Classify all the elements of a sequence as odd or even
    >>> classify([0, 1, 2, 4])
    ['even', 'odd', 'even', 'even']
    """
    return [odd_even(x) for x in s]

Use OK to test your code:

python3 ok -q odd_even

Use OK to test your code:

python3 ok -q classify

Question 4: Deep List

Implement the function deep_list, which takes in a list, and returns a new list which contains only elements of the original list that are also lists. Use a list comprehension.

def deep_list(seq):
    """Returns a new list containing elements of the original list that are lists.

    >>> seq = [49, 8, 2, 1, 102]
    >>> deep_list(seq)
    []
    >>> seq = [[500], [30, 25, 24], 8, [0]]
    >>> deep_list(seq)
    [[500], [30, 25, 24], [0]]
    >>> seq = ["hello", [12, [25], 24], 8, [0]]
    >>> deep_list(seq)
    [[12, [25], 24], [0]]
    """
    return [n for n in seq if type(n) is list]

Use OK to test your code:

python3 ok -q deep_list

Question 5: arange

Implement the function arange, which behaves just like np.arange(start, end, step) from Data 8. You only need to support positive values for step.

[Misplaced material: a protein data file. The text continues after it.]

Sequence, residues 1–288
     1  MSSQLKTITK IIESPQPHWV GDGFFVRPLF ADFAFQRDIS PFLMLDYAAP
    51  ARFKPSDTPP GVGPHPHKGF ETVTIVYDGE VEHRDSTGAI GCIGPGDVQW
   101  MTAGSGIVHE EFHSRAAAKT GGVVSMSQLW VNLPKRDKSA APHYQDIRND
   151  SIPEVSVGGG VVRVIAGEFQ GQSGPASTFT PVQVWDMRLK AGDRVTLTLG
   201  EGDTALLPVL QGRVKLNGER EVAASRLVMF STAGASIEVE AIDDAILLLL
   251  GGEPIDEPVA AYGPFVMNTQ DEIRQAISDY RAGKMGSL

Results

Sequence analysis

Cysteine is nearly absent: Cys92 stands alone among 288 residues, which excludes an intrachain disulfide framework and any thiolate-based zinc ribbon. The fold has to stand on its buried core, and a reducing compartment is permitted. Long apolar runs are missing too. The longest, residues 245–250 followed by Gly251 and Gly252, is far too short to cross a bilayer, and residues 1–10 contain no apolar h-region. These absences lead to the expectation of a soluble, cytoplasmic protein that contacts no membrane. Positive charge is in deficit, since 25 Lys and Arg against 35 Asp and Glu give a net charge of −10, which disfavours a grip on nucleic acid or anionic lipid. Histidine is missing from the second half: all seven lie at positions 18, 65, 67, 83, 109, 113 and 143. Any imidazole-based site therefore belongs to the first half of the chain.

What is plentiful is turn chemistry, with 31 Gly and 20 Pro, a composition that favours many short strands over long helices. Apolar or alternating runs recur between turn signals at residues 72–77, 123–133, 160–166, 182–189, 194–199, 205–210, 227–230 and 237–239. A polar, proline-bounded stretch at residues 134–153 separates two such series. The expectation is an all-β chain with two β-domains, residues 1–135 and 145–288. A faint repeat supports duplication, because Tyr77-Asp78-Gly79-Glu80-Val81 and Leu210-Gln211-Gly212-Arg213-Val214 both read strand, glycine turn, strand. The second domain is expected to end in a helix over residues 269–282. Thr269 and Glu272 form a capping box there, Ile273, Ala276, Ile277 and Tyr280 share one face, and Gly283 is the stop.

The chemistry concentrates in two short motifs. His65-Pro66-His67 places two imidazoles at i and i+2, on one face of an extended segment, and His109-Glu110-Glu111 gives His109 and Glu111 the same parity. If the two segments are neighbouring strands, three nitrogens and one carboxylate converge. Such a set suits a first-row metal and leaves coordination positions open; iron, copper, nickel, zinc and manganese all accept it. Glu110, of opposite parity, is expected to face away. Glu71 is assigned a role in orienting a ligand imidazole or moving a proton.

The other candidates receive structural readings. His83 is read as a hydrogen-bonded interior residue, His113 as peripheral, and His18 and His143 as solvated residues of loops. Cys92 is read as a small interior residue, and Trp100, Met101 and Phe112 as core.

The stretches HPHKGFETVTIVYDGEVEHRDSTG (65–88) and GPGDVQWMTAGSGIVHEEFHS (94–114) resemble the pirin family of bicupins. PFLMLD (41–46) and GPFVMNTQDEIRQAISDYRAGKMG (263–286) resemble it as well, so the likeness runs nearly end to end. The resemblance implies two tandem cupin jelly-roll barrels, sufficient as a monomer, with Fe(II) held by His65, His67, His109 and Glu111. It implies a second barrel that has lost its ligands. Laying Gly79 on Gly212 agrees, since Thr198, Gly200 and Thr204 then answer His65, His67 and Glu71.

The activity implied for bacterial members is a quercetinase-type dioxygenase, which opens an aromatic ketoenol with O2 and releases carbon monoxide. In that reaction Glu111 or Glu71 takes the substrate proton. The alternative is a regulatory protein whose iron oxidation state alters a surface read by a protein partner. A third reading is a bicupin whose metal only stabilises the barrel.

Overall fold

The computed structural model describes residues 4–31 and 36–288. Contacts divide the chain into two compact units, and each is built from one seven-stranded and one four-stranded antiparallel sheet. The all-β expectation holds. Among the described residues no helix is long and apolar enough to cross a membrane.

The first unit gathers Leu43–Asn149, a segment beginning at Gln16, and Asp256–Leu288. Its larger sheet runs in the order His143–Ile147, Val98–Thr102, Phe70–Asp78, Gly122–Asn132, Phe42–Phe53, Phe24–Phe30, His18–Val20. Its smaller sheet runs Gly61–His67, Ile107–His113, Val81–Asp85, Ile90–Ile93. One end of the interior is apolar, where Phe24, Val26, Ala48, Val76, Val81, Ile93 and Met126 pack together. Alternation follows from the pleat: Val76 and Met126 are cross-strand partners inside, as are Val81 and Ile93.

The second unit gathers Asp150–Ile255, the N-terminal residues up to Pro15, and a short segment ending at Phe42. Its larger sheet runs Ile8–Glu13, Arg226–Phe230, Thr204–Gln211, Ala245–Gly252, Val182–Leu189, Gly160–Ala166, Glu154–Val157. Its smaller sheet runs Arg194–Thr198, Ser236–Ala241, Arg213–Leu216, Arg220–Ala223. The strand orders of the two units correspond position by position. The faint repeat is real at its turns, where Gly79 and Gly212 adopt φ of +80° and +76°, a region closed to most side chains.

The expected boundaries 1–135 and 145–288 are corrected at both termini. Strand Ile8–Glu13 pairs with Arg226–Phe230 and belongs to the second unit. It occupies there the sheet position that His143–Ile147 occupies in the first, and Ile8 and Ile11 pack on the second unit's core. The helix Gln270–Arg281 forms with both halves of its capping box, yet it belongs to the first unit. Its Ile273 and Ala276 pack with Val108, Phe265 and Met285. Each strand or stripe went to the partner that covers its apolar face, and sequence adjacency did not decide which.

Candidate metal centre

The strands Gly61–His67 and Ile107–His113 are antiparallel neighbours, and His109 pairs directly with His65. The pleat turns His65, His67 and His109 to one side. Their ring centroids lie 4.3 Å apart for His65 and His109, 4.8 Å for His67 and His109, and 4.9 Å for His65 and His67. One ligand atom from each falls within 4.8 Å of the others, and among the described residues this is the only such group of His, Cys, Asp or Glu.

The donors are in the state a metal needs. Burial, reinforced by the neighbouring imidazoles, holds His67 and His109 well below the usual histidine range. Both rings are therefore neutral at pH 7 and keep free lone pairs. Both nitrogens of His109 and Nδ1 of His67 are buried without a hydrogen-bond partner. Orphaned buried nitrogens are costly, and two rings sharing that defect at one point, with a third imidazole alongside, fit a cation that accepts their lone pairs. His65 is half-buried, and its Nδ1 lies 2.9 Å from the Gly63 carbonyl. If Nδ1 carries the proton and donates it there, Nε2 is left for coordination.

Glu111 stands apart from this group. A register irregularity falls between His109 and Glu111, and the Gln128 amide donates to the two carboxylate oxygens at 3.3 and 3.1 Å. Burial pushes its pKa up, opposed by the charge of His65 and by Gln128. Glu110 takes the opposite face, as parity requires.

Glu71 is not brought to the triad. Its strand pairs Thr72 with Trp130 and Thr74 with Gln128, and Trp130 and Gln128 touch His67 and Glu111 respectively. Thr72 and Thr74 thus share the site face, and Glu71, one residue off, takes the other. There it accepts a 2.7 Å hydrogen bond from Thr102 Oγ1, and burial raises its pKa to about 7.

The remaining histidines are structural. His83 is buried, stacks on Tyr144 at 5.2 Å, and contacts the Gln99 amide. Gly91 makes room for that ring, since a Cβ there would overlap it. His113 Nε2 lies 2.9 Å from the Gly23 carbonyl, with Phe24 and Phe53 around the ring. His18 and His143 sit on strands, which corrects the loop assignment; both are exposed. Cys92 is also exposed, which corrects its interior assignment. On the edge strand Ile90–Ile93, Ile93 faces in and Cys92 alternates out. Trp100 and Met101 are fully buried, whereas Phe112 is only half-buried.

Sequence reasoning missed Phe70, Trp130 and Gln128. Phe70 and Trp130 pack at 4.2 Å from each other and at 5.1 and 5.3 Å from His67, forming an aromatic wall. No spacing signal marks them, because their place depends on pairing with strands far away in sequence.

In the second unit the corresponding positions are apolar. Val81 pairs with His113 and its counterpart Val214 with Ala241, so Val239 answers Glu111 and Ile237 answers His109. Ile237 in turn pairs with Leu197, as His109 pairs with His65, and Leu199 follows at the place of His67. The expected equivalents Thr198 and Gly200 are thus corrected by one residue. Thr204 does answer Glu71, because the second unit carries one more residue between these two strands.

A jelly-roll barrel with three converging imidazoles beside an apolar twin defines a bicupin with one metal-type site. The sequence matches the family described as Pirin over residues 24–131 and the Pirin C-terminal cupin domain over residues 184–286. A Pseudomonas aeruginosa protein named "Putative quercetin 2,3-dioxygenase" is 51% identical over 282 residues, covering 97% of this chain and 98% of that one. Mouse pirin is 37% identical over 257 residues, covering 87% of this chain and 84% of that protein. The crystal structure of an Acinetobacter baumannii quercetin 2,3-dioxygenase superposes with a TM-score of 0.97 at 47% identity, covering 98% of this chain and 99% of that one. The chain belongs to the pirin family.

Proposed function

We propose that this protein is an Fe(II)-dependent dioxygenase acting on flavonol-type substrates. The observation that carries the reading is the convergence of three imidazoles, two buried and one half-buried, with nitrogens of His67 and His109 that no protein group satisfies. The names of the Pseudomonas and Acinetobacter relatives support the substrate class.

def arange(start, end, step=1):
    """
    arange behaves just like np.arange(start, end, step).
    You only need to support positive values for step.

    >>> arange(1, 3)
    [1, 2]
    >>> arange(0, 25, 2)
    [0, 2, 4, 6, 8, 10, 12, 14, 16, 18, 20, 22, 24]
    >>> arange(999, 1231, 34)
    [999, 1033, 1067, 1101, 1135, 1169, 1203]

    """
    return [n for n in range(start, end, step)]

Use OK to test your code:

python3 ok -q arange

Question 6: Count van Count

Consider the following implementations of count_factors and count_primes:

def count_factors(n):
    """Return the number of positive factors that n has."""
    i, count = 1, 0
    while i <= n:
        if n % i == 0:
            count += 1
        i += 1
    return count

def count_primes(n):
    """Return the number of prime numbers up to and including n."""
    i, count = 1, 0
    while i <= n:
        if is_prime(i):
            count += 1
        i += 1
    return count

def is_prime(n):
    return count_factors(n) == 2 # only factors are 1 and n

The implementations look quite similar! Generalize this logic by writing a function count_cond, which takes in a two-argument predicate function condition(n, i). count_cond returns a count of all the numbers from 1 to n that satisfy condition.